Tackling a growing methane problem starts with the pipes | FT Energy Source
Emissions of methane, a potent greenhouse gas, are on the rise. The Permian Basin in the USA is a key contributor, due in large part to leaky pipes. President Joe Biden has reinstated laws on plugging oil and gas leaks that were scrapped by Donald Trump, but it’s not just human activity driving the surge in methane levels.
Emissions of methane, a greenhouse gas far more potent in warming the planet than even carbon
dioxide, are on the rise. The Permian Basin straddles
west Texas and New Mexico in the USA, and is the world’s largest oilfields,
and a key contributor to global methane emissions.
Oil and gas production there has hit record levels following the 2020 price crash.
But that increase in production is driving a surge in methane levels,
due in large part to leaky pipes. The bulk of the recent rise in methane
emissions has been caused by a handful of gas facilities and oil wells across the Permian.
That’s 30 facilities pumping out 100,000 tonnes of methane per year,
which is equivalent to the pollution produced by half a million cars.
Methane emissions pushed atmospheric levels to a record high last year.
Reducing methane emissions is the fastest way of slowing down global warming,
as it has 80 times the warming potential of carbon dioxide over a 20-year period.
The planet has warmed about 1.1 degrees since pre-industrial times,
with methane contributing to one third of it. US President Joe Biden has pledged to tackle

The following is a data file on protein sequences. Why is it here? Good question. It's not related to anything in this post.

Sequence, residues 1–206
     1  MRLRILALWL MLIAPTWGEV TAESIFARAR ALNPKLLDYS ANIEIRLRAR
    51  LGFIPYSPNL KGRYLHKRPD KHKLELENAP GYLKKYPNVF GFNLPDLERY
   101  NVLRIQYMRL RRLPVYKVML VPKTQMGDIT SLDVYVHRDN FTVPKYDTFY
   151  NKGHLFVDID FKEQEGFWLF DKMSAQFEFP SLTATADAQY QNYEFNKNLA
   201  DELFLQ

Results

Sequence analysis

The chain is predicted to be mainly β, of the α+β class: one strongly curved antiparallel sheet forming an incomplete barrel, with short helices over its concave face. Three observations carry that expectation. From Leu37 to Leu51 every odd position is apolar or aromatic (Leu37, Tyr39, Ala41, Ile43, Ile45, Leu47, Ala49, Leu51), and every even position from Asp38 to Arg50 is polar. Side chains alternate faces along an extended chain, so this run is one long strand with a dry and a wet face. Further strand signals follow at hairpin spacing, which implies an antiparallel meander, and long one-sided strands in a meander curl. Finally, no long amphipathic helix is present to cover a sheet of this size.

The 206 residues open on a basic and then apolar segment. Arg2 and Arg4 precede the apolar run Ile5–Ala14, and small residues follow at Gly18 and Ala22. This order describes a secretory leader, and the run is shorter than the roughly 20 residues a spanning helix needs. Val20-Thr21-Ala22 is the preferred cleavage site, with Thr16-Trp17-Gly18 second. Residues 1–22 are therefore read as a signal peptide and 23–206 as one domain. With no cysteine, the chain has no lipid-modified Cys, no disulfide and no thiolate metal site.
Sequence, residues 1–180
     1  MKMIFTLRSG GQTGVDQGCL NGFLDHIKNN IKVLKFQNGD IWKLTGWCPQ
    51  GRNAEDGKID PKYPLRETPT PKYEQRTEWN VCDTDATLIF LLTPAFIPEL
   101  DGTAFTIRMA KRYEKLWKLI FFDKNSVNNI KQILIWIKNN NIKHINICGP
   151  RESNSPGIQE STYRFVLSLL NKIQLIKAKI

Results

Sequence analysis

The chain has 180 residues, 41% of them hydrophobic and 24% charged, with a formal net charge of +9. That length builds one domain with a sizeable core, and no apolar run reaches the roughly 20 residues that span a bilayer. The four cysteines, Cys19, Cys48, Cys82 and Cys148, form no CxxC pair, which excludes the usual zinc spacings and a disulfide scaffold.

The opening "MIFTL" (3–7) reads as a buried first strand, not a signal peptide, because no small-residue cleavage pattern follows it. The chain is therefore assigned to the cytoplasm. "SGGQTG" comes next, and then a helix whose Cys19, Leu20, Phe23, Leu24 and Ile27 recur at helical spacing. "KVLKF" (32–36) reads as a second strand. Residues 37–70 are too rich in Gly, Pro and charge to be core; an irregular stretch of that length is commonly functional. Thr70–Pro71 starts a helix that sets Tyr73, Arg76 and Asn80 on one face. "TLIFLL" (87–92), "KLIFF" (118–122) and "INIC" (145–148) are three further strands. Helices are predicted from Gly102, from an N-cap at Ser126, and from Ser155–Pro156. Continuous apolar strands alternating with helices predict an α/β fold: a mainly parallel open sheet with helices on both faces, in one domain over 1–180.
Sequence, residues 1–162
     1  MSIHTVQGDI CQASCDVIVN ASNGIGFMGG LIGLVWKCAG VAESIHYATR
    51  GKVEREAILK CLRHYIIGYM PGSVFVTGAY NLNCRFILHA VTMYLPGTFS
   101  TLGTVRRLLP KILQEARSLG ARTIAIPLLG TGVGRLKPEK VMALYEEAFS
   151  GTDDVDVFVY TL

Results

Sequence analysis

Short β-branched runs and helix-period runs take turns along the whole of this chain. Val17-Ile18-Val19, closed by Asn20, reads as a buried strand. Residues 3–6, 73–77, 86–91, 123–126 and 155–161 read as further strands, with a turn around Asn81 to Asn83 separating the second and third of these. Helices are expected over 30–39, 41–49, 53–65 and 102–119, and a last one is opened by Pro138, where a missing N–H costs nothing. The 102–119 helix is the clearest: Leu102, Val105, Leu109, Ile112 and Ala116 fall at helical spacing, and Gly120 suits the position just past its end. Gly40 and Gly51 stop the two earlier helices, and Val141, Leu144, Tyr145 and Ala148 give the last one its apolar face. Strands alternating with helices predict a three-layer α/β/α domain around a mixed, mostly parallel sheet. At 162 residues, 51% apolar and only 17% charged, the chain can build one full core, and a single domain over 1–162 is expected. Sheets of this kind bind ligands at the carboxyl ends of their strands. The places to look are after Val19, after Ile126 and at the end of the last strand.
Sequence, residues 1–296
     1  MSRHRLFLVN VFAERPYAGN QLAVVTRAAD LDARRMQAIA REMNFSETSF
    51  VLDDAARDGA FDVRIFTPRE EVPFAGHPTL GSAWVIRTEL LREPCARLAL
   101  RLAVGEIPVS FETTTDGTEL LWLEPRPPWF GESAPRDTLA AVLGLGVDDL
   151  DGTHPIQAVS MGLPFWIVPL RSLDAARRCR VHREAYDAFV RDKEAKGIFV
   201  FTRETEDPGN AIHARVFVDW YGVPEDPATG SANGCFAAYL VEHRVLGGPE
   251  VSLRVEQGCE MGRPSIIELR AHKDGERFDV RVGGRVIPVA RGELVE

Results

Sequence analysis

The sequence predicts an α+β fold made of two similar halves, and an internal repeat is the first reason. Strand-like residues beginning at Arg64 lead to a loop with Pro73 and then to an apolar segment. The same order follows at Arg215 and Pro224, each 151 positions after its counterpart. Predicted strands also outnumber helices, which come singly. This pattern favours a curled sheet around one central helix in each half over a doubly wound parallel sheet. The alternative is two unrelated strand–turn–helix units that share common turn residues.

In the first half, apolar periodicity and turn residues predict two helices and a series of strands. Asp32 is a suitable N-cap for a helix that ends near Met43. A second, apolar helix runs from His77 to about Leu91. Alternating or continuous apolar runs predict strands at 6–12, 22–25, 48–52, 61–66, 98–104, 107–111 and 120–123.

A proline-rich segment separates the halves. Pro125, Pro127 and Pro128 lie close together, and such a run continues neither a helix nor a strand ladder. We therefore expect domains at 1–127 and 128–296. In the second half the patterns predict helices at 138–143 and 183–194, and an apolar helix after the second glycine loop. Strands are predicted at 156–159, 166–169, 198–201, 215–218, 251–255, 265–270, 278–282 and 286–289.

methane emissions as part of his climate agenda.
He’s reinstated laws on plugging oil and gas leaks that were scrapped by Donald Trump.
But environmental groups and investors say that the White House’s latest proposals to tighten
regulation on methane leaks don’t go far enough, because the new rules exclude oil and gas wells
that emit less than three tonnes of methane a year from regular inspections,
even though they’re responsible for almost half the sector’s leaks.
And it’s not just human activity such as energy production
driving the surge in methane levels. Emissions from natural sources such as cattle,
wetlands and rice paddies are also on the rise, and researchers haven’t determined why.
One hypothesis suggests that the increase in natural methane is exacerbated by global
warming, which has increased rainfall in methane-producing tropical wetlands.
So while tougher regulation can oblige big polluters to do their bit
by clamping down on leaks, the rise of methane from natural sources
poses yet another challenge for the industry, and the planet.
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- Tackling a growing methane problem starts with the pipes | FT Energy Source
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